Making decisions isn’t easy. We’re confronted by too many choices, and we don’t really understand most of the options.
So say you’re standing on a street and there are two restaurants. You have no real criteria for knowing which is the best. Except that one is full of people. It looks like there is a wait for a table. The other is almost empty.
You might think you’d avoid the wait and get a free table. But you won’t. In the back of your mind, you’ll make an assumption. The busy restaurant is busy because it’s better. Everybody likes it. The empty one must suck because nobody’s there.
This assumption and the decision you make based on it is what marketers call social proof. When we’re uncertain about a decision, we take cues from others.
The assumption is that other people have information we don’t. We defer to their wisdom so we can make a decision and move on.
In today’s crowded digital marketing spaces, it’s vital that you exploit the power of social proof.
Can I Trust You? Prove It!
There is a sad truth to marketing a business. The people you want to help – and that you’re trying to convince – don’t trust you.
At least not completely. In the back of their minds, they think you’re just about money. You want to sell them – that’s your priority.
There are many things you can do to earn trust yourself, and you should do them all. But there is no use fighting this. It’s a survival instinct we all need in our consumer-based society.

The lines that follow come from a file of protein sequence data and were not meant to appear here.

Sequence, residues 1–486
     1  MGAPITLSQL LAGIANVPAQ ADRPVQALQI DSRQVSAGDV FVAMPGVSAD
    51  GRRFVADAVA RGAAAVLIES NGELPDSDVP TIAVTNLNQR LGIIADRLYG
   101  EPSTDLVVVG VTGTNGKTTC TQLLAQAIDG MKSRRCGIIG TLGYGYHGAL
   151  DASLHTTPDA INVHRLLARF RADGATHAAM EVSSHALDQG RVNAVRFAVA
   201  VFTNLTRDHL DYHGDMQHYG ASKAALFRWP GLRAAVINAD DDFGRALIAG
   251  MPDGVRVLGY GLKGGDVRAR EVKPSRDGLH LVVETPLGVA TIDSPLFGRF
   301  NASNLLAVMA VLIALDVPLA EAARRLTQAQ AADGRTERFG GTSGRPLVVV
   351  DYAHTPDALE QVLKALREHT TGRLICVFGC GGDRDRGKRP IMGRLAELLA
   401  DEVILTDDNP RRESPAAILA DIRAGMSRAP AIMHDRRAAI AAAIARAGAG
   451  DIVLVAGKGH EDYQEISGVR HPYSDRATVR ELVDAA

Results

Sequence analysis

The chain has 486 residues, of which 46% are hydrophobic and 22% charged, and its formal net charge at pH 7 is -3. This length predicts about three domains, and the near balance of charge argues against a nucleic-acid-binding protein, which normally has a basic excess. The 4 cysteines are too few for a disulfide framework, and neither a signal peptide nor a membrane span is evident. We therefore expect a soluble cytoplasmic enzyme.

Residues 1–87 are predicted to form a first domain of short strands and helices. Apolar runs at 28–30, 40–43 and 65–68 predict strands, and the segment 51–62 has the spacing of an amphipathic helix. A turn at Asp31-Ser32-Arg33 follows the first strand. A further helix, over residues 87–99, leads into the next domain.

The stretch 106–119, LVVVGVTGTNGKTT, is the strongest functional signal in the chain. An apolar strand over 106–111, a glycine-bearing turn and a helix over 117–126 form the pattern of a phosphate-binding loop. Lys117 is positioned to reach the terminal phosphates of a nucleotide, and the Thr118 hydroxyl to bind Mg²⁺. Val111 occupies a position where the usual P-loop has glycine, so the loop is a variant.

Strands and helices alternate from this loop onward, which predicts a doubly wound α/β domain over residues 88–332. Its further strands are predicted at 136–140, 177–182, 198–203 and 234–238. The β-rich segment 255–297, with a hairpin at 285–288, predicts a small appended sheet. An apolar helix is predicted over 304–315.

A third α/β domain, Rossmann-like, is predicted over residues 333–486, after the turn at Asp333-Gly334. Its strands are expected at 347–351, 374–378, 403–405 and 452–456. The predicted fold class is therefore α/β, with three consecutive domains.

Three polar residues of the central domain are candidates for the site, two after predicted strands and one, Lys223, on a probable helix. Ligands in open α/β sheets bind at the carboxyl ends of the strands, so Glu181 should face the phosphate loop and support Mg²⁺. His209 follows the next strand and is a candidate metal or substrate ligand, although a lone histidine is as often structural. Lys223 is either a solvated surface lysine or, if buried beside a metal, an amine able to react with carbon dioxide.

What’s better is to enlist some help. If your audience doesn’t believe you, who will they believe?
How about other people who have no ulterior motive when commenting on your business?
Yes. Today, online consumers need an element of social proof to ease the suspicion that they’re being “sold”.
Here are four effective ways to create social proof for your business.
Testimonials are solicited comments from happy clients you put into your website/marketing content.
Because everyone knows testimonials are solicited, they’re not seen as unimpeachable. But they do two things well.
First, like people in that busy restaurant, they create an impression. Somebody likes this service, and that’s a good sign.
Second, you can control the content and design of testimonials. You have the chance to “suggest” what someone says about your business so you can get their comments to match your benefits and value proposition.
In other words, this is marketing content that will help sell the benefits of your offer, but it’s not you talking about yourself. It’s proof that what you do works for actual customers.
Here is a good example from New Vision Nutrition:
For effective testimonials do this:
- Use an image of the person with the comment. Putting a face with the comment makes it more credible.
- Keep the comments short but specific about a benefit of your offer. General, “this is great!” comments are not effective.
- Have a call to action near the testimonial so visitors can convert.
The best practice is to spread testimonials around as part of your overall website design instead of having them all on a back page. The brief, specific comments allow you to place them near your page call to actions, where they do the most good.
#2. Success Stories
Sometimes a testimonial doesn’t tell the whole story of success. You need to elaborate.
Success stories, also called case studies, provide details – often including specific data – that make a convincing argument about how your offer works.